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Mike Otis
Mike Otis, Legal Advisor
Category: South Africa Law
Satisfied Customers: 2161
Experience:  B.Comm; LL.B; LL.M.
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I was recently called into my managers office and handed a

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I was recently called into my manager's office and handed a written warning for Gross Insubordination valid for six (6) months.

The first instance of insubordination pertain to my failure to submit a shift report - although on the two (2) instances he refers to, I was on days off and were for obvious reasons not able to submit the report and in the second instance my member of staff who was supposed to submit the report called in sick and was therefore not at work.

The second instance of insubordination pertains to my failure to schedule a meeting, although the only correspondence sent to me regarding the meeting was sent while I was away on leave.

My manager argued that he on numerous occasions asked me to do these things although the only evidence he produced was an e-mail relating to another matter where he asked me to come and talk to him and explain why I am so demotivated and apparently lack the urgency to deliver.

At the time of being furnished with the letter, my HR manager was present - I accepted that I did not submit the shift reports and indeed did not schedule the meeting. I did not argue the fact - being on days off and leave - as my manager had obviously already made up his mind.

Given the seriousness with which I view the sanction:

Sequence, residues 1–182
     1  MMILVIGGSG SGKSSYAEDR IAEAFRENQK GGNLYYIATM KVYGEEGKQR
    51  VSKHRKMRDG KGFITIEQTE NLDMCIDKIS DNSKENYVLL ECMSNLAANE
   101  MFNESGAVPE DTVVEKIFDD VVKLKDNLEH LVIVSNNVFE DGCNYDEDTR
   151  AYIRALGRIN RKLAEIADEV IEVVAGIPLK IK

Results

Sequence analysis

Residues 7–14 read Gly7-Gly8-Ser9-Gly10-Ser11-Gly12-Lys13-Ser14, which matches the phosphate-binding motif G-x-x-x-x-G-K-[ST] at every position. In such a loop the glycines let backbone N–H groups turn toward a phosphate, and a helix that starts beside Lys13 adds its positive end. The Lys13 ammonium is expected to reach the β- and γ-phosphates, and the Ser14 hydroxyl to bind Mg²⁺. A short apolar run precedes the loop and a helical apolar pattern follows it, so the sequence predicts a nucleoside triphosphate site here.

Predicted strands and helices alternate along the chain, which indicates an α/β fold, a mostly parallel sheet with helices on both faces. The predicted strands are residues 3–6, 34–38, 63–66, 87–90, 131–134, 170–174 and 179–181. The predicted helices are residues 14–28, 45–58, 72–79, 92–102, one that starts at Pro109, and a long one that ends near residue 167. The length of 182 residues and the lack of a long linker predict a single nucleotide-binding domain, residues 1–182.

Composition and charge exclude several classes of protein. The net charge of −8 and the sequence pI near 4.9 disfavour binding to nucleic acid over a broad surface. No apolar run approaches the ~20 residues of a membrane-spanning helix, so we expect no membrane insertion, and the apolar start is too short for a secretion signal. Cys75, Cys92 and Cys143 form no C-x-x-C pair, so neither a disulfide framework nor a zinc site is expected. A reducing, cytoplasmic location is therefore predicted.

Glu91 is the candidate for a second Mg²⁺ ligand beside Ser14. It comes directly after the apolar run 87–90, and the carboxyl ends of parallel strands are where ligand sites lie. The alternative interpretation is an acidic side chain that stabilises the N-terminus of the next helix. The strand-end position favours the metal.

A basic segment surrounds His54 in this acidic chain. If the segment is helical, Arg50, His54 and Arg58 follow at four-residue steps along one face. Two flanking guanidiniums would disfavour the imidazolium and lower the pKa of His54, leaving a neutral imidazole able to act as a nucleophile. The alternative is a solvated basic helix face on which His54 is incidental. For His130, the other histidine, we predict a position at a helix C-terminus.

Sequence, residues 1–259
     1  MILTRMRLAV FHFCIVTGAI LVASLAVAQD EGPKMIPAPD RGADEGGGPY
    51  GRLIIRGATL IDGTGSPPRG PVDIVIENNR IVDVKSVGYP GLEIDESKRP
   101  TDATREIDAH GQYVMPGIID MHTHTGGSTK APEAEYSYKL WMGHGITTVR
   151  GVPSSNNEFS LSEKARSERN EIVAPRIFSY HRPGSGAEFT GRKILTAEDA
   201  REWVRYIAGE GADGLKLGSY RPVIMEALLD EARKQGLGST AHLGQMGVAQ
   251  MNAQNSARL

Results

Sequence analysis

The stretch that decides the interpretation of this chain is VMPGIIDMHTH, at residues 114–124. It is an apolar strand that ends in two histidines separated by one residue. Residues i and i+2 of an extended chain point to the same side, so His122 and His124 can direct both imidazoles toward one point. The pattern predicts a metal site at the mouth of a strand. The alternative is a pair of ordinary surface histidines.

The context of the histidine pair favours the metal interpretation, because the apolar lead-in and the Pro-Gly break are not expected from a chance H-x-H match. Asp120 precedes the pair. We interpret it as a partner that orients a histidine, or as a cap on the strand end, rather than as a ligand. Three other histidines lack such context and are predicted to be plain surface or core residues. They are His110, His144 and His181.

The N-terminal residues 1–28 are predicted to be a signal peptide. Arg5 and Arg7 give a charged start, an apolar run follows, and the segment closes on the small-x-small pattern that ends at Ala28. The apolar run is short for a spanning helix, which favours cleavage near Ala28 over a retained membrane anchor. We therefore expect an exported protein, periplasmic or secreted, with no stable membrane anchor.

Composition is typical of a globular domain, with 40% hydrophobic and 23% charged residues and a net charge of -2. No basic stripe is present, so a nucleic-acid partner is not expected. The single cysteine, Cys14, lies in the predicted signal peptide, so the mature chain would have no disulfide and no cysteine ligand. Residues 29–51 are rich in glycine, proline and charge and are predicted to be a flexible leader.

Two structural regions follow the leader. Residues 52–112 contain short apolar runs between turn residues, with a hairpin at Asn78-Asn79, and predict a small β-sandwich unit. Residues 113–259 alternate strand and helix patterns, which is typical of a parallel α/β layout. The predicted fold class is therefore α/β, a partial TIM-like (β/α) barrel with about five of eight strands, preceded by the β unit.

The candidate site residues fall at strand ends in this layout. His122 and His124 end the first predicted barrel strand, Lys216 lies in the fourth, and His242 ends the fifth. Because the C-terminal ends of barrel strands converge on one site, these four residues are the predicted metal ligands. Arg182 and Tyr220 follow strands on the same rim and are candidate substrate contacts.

1. Should I not have been afforded the opportunity of a disciplinary hearing?
2. The fact that I was on days off, does this still make me insubordinate?
3. None of my actions put the company's ability to generate revenue under threat or put any of its assets at risk.
4. I have been working for the company for 18 and a half years and prior to this incident have not had so much as a counselling session.

What are my options, if any?

Thanks you,
Deon Basson
Welcome, and thank you for your question.

1. Should I not have been afforded the opportunity of a disciplinary hearing?

Most definitely, in terms of the prevailing labour legislation, you are entitled to a fair procedure in terms of which you are given an equal opportunity to state your side of the story before a finding is made and the sanction imposed. Failure by the employer to follow due process amounts to an unfair labour practice.


2. The fact that I was on days off, does this still make me insubordinate?

That will depend on the circumstances of the case, your duties and responsibilities and the normal practice at your employer, so I can unfortunately not say.


3. None of my actions put the company's ability to generate revenue under threat or put any of its assets at risk.

These circumstances appear to be more related to the nature of the sanction that may be imposed if found guilty after a fair process was followed.


4. I have been working for the company for 18 and a half years and prior to this incident have not had so much as a counselling session.

Similar to 3 above, these circumstances relate to the sanction - if found guilty.

Yours faithfully
Mike Otis and other South Africa Law Specialists are ready to help you
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Yours faithfully,